A new report by pension, insurance and investment consultancy firm Lane Clark & Peacock LLP (LCP) has found that climate change and cyber risk are seen as the main rising priority areas for re/insurance firms.
An analysis of early Solvency II disclosures by 50 re/insurers across the UK and Ireland found a big change in the risks which most concern the industry.
Notably, 52% see cyber security as a key risk, up from 46% last year, while 46% of firms cited climate change, significantly up from 18% last year.
In contrast, only 30% of re/insurers identified Brexit is a key risk, which was down significantly from 60% last year.
LCP also found that a key new risk for re/insurers is ‘unanticipated coverage’ where firms find that they face claims for risks that they had previously believed to be not covered by their policies, particularly in light of the Covid-19 crisis.
Additionally, the market is increasingly concerned about ‘conduct risk’ or the risk that regulators will take further steps with major financial implications following the publication of the FCA’s interim report into general insurance pricing practices.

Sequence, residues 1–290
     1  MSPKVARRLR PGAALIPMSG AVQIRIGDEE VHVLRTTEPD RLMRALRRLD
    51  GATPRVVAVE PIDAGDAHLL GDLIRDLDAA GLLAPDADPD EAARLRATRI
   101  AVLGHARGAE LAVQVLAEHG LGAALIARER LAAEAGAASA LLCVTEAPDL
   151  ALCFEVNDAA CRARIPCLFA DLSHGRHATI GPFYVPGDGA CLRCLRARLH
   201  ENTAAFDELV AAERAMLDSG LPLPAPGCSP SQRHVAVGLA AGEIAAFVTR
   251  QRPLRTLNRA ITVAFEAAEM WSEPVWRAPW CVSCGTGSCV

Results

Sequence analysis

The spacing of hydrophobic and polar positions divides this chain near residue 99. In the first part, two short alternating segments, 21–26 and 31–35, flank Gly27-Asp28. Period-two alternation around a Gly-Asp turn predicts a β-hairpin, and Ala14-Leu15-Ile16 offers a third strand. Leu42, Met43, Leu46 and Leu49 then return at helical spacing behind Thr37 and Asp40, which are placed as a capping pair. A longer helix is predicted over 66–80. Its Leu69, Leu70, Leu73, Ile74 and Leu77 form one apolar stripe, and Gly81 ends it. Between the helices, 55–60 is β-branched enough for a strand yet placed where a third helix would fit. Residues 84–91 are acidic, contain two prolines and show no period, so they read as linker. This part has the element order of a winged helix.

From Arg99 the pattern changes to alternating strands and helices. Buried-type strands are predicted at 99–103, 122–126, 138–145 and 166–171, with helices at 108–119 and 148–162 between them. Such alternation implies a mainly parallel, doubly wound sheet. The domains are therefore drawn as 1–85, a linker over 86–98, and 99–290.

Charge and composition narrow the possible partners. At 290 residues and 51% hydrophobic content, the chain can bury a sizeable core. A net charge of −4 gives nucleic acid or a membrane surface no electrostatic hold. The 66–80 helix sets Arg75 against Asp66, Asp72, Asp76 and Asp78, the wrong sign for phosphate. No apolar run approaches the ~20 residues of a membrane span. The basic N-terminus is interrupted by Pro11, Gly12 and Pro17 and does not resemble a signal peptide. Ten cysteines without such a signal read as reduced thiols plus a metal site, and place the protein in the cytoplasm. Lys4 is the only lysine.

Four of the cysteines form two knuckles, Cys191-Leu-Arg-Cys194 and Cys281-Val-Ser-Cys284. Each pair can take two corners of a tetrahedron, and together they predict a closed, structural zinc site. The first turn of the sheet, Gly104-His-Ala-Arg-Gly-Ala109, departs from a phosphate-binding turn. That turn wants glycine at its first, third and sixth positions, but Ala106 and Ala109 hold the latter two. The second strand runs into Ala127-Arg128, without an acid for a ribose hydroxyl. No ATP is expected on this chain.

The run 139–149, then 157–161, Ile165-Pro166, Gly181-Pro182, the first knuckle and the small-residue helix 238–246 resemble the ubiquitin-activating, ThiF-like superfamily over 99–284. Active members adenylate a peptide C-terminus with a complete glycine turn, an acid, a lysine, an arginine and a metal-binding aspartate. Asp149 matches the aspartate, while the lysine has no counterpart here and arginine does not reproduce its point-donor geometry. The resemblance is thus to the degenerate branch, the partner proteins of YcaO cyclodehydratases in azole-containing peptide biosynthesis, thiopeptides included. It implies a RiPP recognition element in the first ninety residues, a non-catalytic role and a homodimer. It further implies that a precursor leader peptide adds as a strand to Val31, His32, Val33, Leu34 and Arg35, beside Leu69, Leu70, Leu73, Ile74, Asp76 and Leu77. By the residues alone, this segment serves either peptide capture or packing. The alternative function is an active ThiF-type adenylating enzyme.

Despite Covid-19 related uncertainty, over half of re/insurers (52%) did confirm they expected to continue to meet regulatory capital requirements, while 48% either remained silent or said there was still too much uncertainty to confirm if they would be able to meet the requirements.
Other findings suggested that most companies continue to be sufficiently capitalised with eligible own funds that are, on average, nearly double their Solvency Capital Requirement (SCR) at their 2019 year ends.
Overall, 85% firms mentioned Covid-19 and its possible impact on claims experience and 54% mentioned the impact that market turmoil as a result of the pandemic is having on their investment holdings.
“This analysis provides an interesting early view into how Covid-19 has shifted the insurance landscape,” said Cat Drummond, Partner in LCP’s Insurance Consulting team.
“Concerns around the impact on claims experience and investments are rightly top of the agenda. The impact of the pandemic will have severe fallout for a number of business lines including travel, business interruption and income protection,” Drummond continued.
“Brexit appears to be less of a key risk in the minds of insurers as it is replaced with concerns around cyber-crime and consumer protection. The issue around consumer protection is likely to rise even further up the agenda when the FCA publishes its final report into the pricing of home and motor insurance.”